We’ve all seen the signs in hotel rooms encouraging us to reuse our towels and save water. But what does sustainability in the hospitality industry actually mean?

Embracing sustainable land-use practices leads to advancing sustainability in the hospitality industry. In the minds of both residents and visitors, Monterey County evokes images of Salinas Valley farmlands immortalized by John Steinbeck, of open spaces sprinkled with lupine and poppies, endless ocean interrupted by the occasional sailboat or breaching whale. Without the rich farmland and open space Monterey County is known for, the region risks losing its most compelling tourist attraction.

One element of sustainability is smart land use, including co-location of housing and jobs. Recent examples in Monterey County include agribusiness Tanimura & Antle’s seasonal farmworker housing at Spreckels Crossing, and Pebble Beach Company’s workforce housing project.

Both developments reduce traffic by creating housing near jobs – and also reduce greenhouse gases as well as traffic.

Monterey County’s hospitality industry is uniquely positioned to support more sustainable land-use practices. Not only do these industries directly benefit from sound land use, they also have strong community presence and influence, which give them a significant voice in local politics.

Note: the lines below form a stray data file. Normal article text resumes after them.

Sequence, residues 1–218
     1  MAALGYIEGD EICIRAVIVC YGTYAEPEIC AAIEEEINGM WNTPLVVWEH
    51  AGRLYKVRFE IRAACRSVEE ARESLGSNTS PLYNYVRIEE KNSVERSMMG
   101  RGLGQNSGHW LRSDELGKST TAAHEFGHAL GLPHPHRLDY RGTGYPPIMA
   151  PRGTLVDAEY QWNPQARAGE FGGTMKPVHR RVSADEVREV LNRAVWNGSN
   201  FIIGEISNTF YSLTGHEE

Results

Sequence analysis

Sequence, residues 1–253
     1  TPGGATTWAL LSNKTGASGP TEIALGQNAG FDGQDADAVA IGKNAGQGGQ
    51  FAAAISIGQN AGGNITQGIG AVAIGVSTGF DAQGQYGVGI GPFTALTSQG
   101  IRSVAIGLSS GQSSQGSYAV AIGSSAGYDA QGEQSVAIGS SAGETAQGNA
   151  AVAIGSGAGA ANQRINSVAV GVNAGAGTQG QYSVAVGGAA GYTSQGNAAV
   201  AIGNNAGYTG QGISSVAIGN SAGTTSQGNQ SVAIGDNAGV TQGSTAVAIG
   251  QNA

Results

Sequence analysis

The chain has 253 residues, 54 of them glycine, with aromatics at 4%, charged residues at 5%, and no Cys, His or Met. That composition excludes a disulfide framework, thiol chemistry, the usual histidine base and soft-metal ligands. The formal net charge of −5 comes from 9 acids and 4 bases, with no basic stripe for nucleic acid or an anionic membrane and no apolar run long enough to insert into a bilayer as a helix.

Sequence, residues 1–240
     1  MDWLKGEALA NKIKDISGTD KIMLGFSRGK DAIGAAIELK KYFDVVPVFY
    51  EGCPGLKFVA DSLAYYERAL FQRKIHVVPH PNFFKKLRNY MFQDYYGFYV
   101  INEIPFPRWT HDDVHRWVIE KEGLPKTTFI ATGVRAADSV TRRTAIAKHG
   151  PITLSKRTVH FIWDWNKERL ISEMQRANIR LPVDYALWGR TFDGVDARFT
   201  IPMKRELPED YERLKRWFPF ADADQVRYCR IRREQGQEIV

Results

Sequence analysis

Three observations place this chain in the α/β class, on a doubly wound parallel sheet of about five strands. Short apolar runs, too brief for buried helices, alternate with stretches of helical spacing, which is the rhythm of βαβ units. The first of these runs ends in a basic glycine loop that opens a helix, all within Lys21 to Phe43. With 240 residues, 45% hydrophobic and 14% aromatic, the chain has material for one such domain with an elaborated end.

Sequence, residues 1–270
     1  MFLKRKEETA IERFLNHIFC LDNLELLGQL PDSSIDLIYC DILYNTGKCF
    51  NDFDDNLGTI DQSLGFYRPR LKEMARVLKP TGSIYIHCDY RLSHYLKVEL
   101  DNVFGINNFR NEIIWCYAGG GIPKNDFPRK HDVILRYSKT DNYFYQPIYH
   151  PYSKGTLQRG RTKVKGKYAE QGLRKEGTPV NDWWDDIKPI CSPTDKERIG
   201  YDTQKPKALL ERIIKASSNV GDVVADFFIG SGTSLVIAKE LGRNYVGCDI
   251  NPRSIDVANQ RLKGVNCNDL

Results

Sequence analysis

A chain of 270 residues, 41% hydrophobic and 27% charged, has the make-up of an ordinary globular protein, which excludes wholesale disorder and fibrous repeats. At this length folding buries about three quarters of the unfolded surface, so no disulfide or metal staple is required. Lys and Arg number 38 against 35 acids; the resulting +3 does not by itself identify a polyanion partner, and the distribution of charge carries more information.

Leadership in sustainable hospitality could take many forms, including support for infill developments, improvements to public transportation, and more walkable and bike-friendly communities. Hotel owners could advocate for smarter land-use policies such as urban growth boundaries that prevent sprawl and protect agricultural land. Vintners could support stronger prohibitions on developments on steep slopes, conversion of oak woodlands and protections for wildlife corridors.

It’s no secret that virtually all of Monterey County groundwater aquifers are unsustainably managed, and have been for decades. By definition, new agricultural and urban developments that extract more water from an already depleted groundwater basin are unsustainable. Long-term land and water management are critical to preserving agricultural land, which is especially relevant in Monterey County, a region whose history and character are defined by agriculture, including the rapidly growing wine industry – part of the hospitality draw.

The alternative is conversion to subdivisions. But strip malls are not huge tourist draws. Cookie-cutter subdivisions do not serve as examples of enduring beauty, nor as models of sustainability.

Everyone, including hospitality, benefits from smart land-use decisions that preserve Monterey County’s unique offering of agricultural land, pristine ocean views and open spaces. As these become scarcer worldwide, they become more valuable.

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